There is no need for you to give the other side a reason; in fact, I recommend that you don’t. Instead, just provide the other side the courtesy of knowing how long your NTO will be.
From observing conflict, I find that the greatest danger posed by an angry client is that his emotion will escalate into walking away from a potentially productive discussion or, alternatively, de-escalate into a simmering anger from which a poor outcome is obtained. During the NTO, explore with your client whether he is able to reacquaint himself with the rational and disciplined goals originally set for the negotiation. Often, it helps a client to talk to a supportive and wise friend, partner or business associate, and return only when a rational perspective is restored.
Frequently, the anger may be mediated by setting conditions for a continuation of the negotiation that insulate the angry client from poor decision-making, such as placing the client in a separate caucus room. Another approach is to have a close business associate, spouse or partner stand in with legal counsel in order to help the angry client disengage from his anger, or at least have the benefit of a trusted person’s advice to counteract sub-optimal decision making.
Most of the time it is possible to disengage a client from intense emotions within an hour or two. An NTO break which includes a walk around the block or a cup of coffee and a conversation with a trusted advisor usually suffices. However, when feelings of anger persist and the usual methods of client control are not working well, a longer break is appropriate to protect the client’s interests.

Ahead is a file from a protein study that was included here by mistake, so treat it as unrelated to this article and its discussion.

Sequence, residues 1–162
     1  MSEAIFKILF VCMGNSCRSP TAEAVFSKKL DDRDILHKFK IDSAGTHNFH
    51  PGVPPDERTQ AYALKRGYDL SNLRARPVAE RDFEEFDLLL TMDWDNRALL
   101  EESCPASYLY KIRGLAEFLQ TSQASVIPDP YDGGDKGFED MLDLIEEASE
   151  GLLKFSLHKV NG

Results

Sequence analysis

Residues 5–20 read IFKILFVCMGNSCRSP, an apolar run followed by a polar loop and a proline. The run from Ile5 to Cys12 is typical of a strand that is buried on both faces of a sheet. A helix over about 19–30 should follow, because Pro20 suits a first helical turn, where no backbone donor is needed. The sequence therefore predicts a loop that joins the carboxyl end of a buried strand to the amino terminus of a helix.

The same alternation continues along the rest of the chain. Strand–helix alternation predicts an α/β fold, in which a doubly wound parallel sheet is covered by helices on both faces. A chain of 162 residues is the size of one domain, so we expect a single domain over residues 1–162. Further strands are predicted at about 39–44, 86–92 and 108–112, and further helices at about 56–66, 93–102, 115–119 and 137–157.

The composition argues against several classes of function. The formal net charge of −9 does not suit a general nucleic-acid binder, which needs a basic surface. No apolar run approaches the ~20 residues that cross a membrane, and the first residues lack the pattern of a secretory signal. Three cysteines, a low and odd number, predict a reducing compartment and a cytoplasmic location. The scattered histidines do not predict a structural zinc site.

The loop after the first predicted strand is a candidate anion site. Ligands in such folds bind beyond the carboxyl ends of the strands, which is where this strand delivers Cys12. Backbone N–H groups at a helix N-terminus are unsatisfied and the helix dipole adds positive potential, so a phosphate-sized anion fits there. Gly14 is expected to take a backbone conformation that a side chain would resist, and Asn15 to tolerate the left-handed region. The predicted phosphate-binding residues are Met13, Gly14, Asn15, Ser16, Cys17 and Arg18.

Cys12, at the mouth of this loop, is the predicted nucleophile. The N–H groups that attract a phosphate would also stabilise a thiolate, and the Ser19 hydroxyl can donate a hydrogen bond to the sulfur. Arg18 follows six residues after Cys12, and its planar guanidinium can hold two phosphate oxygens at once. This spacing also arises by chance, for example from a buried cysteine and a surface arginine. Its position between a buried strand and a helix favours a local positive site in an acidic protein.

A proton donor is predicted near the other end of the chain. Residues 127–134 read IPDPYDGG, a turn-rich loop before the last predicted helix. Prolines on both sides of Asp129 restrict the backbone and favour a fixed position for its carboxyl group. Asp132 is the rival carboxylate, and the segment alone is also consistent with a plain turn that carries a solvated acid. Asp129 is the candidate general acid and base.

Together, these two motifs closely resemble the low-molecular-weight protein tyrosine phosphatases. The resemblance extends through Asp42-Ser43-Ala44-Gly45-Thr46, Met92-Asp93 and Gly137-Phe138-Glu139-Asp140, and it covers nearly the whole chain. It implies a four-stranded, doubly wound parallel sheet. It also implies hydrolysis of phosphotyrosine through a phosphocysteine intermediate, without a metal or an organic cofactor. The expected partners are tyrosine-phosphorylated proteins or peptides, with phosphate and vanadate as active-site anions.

That’s okay. Just return at the appointed time and advise the opposing counsel that, in order for productive negotiations to continue, you require an additional day, a week, or a month, as the case may be. Be accessible, friendly and firm in your resolve. Usually, you can obtain a "stand still" agreement to minimize additional costs and avoid provocative acts in the interim period.
There is a Chinese proverb: "So long as a man is angry, he cannot be in the right." So, when you recognize the escalation of the feelings of anger in your client or yourself: Go the NTO Route. Don’t permit your client (or yourself) to negotiate in anger.